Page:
Pebble and Essential designer Liron Damir joins Google to work on Home products

Chaim Gartenberg for The Verge: Between his previous experience developing webOS for TVs, his time at Pebble, and his work at Essential, Damir's hire makes sense for Google, especially as the company begins to build out more visual user experience interactions with Home.

Google adds more partners to growing smart home ecosystem

Peter Newman for Business Insider: Over 70 companies in smart home automation have made their devices compatible with Google's smart home assistant.

Best Buy introducing Amazon Alexa and Google Home experiences to 700 U.S. stores

Kurt Schlosser for GeekWire: Best Buy announced Wednesday that the experiences showcasing what is possible with voice technology and smart homes are unique to its stores and about 700 locations across the U.S. will feature the spaces starting next month.

IKEA Trådfri Smart Lighting System to Get Apple HomeKit Support

Tim Hardwick for MacRumors: Swedish home store IKEA has announced that its recently announced Trådfri smart lighting system will soon be compatible with HomeKit, Apple's smart home management platform.

Google Assistant can now control more appliances and smart home devices

Rita El Khoury for Android Police: Yesterday we learned that Google Assistant is about to offer more capabilities on your phones and gain several smart and interesting features.

Google now lets developers write apps for the Assistant on Google Home

Frederic Lardinois for TechCrunch:  Google today announced that all developers (and not just those in its private preview program), can start bringing their applications and services to the Google Assistant, starting with what the company calls “conversation actions” on Google Home. This allows developers to create back-and-forth conversations with users through the Assistant and users can simply start these conversations by using a phrase like “OK Google, talk to Eliza.” While the Assistant also runs on the Pixel phones and inside the Allo chat app, Google says it plans to bring actions to these other “Assistant surfaces” in the future, but it’s unclear when exactly this will happen.   Cont'd...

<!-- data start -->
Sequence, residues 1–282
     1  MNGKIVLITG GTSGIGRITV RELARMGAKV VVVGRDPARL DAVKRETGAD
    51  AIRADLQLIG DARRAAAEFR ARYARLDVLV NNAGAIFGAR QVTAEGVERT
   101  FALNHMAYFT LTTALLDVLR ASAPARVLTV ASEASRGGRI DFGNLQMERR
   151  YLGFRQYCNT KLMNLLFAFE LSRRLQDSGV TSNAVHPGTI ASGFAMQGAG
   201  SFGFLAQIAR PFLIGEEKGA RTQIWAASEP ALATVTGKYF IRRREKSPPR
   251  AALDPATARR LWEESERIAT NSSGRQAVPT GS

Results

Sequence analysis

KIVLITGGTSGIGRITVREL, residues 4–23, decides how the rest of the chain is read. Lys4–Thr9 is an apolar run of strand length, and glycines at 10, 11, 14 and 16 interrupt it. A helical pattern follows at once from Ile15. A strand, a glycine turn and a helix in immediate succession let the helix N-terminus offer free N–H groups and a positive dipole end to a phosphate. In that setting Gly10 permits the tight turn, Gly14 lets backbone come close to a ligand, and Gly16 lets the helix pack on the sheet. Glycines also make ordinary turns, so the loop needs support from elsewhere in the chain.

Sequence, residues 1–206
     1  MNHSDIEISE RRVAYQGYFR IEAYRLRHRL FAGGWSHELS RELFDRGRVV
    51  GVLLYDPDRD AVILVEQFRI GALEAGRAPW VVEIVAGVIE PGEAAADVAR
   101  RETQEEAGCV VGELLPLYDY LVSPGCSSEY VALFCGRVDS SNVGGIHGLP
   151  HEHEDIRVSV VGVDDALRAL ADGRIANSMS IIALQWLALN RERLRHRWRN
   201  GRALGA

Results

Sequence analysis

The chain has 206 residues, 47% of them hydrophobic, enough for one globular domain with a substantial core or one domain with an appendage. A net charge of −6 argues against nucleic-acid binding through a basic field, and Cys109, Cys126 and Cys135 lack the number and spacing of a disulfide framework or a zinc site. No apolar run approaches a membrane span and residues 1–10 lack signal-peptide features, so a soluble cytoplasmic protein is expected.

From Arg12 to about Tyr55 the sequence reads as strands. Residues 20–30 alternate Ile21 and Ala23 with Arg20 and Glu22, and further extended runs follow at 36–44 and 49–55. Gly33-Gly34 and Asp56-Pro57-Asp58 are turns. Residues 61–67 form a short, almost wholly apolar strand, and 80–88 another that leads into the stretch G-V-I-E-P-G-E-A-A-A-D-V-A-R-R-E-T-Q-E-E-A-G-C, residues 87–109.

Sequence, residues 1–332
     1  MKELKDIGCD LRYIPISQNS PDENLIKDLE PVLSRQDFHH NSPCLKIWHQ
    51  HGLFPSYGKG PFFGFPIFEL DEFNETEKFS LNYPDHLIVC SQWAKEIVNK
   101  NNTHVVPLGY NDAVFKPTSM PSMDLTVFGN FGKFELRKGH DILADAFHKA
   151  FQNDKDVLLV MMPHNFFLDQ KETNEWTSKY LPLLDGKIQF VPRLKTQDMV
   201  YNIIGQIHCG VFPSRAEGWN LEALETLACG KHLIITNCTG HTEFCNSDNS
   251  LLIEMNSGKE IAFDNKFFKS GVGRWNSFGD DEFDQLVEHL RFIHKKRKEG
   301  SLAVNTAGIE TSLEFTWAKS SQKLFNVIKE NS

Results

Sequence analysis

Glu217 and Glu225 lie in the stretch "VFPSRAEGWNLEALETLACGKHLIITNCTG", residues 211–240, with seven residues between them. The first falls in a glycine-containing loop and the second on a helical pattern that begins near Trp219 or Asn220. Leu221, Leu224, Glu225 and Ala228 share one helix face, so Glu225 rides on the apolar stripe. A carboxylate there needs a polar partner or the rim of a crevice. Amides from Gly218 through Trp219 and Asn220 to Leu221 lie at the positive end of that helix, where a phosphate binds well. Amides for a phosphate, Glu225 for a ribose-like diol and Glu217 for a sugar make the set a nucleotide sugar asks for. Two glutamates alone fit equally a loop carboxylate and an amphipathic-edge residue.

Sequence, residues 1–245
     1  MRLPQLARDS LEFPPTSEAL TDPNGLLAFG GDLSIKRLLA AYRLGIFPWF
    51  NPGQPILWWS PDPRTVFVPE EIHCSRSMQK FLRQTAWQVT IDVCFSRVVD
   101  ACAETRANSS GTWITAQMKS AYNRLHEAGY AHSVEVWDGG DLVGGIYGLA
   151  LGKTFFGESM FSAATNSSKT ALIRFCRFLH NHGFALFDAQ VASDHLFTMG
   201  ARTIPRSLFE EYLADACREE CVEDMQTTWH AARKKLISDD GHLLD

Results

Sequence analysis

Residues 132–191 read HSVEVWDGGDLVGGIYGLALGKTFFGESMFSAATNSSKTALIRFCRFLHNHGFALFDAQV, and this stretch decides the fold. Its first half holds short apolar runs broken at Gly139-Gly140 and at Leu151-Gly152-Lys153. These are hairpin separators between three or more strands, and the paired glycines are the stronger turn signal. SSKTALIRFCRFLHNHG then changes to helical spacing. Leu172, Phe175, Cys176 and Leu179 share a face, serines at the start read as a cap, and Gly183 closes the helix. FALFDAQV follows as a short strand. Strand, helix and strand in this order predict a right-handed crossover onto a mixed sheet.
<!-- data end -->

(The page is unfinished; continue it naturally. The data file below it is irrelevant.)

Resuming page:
9 things Google Home can do that Alexa can't

Taylor Martin for CNet:  Google announced its Amazon Echo competitor back at its I/O developer conference in May. Today, it made Google Home official with arelease date and price. It also gave us a closer look at how the company plans to compete with the more established household assistant today, Alexa. While Google has its work cut out in getting broad third-party support that includes other smart-home brands, there is already a healthy list of in-house features Google Home will be capable of out of the gate that Alexa could only hope to add in the future. Here are nine things Google Home can do that Alexa can't.   Cont'd...

Can Google Catch Up to Amazon and Win the Smart Home Race?

Mathew Ingram for Fortune:  Google is famous for coming to the market late. The search-engine business was well established before it arrived, and yet the company managed to take the lead. It now dominates the category. But can it do the same thing in the smart home? The web giant is expected to launch a standalone device called simply Google Home on Tuesday, a device that it hopes will become the centerpiece of the smart home, and provide some strong competition for the well-established Amazon Echo. But it will be an uphill battle.   Cont'd...

Six Google Patents describe a new Home Automation System Covering Home Security

Patently Apple:  Late last month the U.S. Patent & Trademark Office published a series of six Google patents regarding a future home security system that will part of a larger home automation system that will be revealed over time.  In today's brief non-Apple patent report we cover an overview of Google's six patents relating to a future home security system that will eventually be a part of a greater home automation system. Google's first security system patent filing is titled "Home Security System with Automatic Context-Sensitive Transition to Different Modes."   Full Article:  

Why Nest's woes are typical of the smart home industry

Hayley Tsukayama for The Washington Post:  Tony Fadell’s decision to step down from the helm of Nest last week came as a surprise but not a big one. The problems specific to the smart appliance company — which is owned by Google — have been well-documented. But the questions that now loom over Nest aren’t isolated to this one firm, but over the entire smart home industry in general. Nest, after all, was supposed to be the trailblazer leading the smart home revolution. When Google put down $3.2 billion to buy it in 2014, it appeared to make sense. The company was already a fixture in consumers’ online lives, and the purchase would give Google an entry point into their offline lives. The charismatic Fadell seemed to be the right pioneer, given his product experience at Apple that he could apply to Google’s more open computing vision.  But Nest proved to be a less-than-ideal poster child.   Cont'd...